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Migration has only a positive effect on the development of societies and economies

30 November 2012 / 15:11:10  GRReporter
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Anastasia Balezdrova

In times of large migration flows, frontiers, sovereignty and the status of a citizen of a country are increasingly put under question. Migration affects all countries and changes international relations completely. So, a new diplomacy emerges that gradually leads to international and regional migration management.
 
The issues were considered at a discussion organized by the French Institute in Athens and the Hellenic Foundation for European and Foreign Policy ELIAMEP.

According to the professor of economics at the Panteion University of Athens, Antigone Lyberaki, the feeling that the most significant migration processes in human history are currently underway is completely wrong. "In fact, much larger waves of migration marked the 19th century but under much different state policies." According to her, the influx of immigrants in a country has only a positive effect for the economy anyway. "In the 16 years of rapid economic development in Greece, the annual contribution of immigrants to GDP was above 1% without taking into account secondary indicators." As she stated, the arrival of the first influx of immigrants in the early 1990s, who were mostly from neighbouring countries, had led to positive changes at a social level too. "Their arrival triggered a new upsurge in the provision of care for households: childcare, elderly care and home care. Within 10 years, female employment in Greece increased by 15% as a result of this process."

Her opinion is that the factors that attract people or turn them away from the idea of emigrating are of longer term than the economic crisis. In this sense, her estimates are that in the case of Greece, immigration flows will decrease but not dramatically and even fewer immigrants will decide to leave the country.

"Currently, immigrants are more affected by the crisis. It also reduces the tolerance and introduces stricter immigration policies. Here is the place to say that unfortunately, none of the financial aid packages to various European countries provide specific measures for immigrants, although the consequences of the crisis are the worst for them."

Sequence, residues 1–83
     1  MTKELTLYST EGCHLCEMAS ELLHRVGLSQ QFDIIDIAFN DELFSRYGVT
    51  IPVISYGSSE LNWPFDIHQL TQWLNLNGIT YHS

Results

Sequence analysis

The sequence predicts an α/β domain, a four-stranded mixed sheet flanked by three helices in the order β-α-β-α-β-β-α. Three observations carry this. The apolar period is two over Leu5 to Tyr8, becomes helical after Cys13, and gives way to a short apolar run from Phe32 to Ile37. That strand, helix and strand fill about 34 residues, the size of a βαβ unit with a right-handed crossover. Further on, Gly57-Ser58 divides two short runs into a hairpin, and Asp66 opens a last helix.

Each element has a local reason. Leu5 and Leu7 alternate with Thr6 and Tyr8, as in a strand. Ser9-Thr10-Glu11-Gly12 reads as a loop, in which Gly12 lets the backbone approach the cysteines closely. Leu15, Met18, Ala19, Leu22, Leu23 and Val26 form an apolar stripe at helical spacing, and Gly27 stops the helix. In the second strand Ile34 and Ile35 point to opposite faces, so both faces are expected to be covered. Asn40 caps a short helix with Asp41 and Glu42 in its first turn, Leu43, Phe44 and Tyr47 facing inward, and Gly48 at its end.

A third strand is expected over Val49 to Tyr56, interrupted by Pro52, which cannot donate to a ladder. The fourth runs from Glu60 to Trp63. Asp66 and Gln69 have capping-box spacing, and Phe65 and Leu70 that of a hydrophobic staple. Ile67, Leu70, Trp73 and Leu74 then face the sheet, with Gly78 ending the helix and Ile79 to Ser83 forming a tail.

Antigone Lyberaki reprehended Greek politicians for the immigration policy pursued so far. "The influx of immigrants makes our society more multinational. Our politicians need to come to their senses and to begin introducing modern policies, not those which satisfy the Greek society’s conservative moods in terms of this."

According to the French expert on immigration, Francois Eran, the situation regarding immigrants in France is not much different. "Studies on the number, country of origin and other characteristics of immigrants are held by institutes and often, NGOs provide the funding for them instead of the relevant ministry." He said that his country does not have a system for counting the number of immigrants entering the country each year and statistics are compiled at the end of the year by counting the residence permits issued.

"Over the past 10 years, France was among the five countries with the largest number of foreign students in higher education. Currently, 40% of undergraduates and postgraduates are foreigners." However, very few of them manage to find work in the country except those who are nationals of a Member State of the European Union.

Francois Eran compared the government immigration policies in many countries with the title of Theodoros Angelopoulos' film "The Suspended Step of the Stork." "They are on the border but while they are allowed to lift their leg, they are not allowed to put it on the other side."

Researcher of the Hellenic Foundation for European and Foreign Policy, Edda Gemi, described the international law that recognizes the right of human mobility. "The point is that those who are called to implement it are ethnic countries whose governments impede it with their policies."

She gave as an example the recent decision of the Council of State (the Supreme Administrative Court), which has declared unconstitutional the law on acquiring Greek citizenship, which was voted two years ago. "This law, despite its flaws was a step towards the integration of immigrants, because it had set more realistic conditions and recognized the rights of immigrants to run and vote in local elections."

The researcher said that depriving immigrants of basic rights makes them an easy target for xenophobic and racist organizations and movements. "At the same time, immigrant organizations have failed to put their problems on the agenda. Some political parties have even based their existence entirely on their continuation. So, we can firmly say that the first generation has totally failed in this cause." Edda Gemi stated that integration could be achieved only through joining the second generation of immigrants who were born and raised in Greece and who often do not even know their mother tongue. "It is impossible for these children to be treated as second and third-class citizens, because their parents have the "wrong" passport."

The United Nations has recognized the right to mobility of people across the planet whereas the European Union has introduced circular migration and mobility partnerships and third countries, said the director of the National Centre for Scientific Research in France, Catherine Vitol De Wenden. She explained the difference between nationality and citizenship. "It gives the right to participate in public life at the place of residence."

Tags: PoliticsSocietyImmigrationIntegrationRight to mobility
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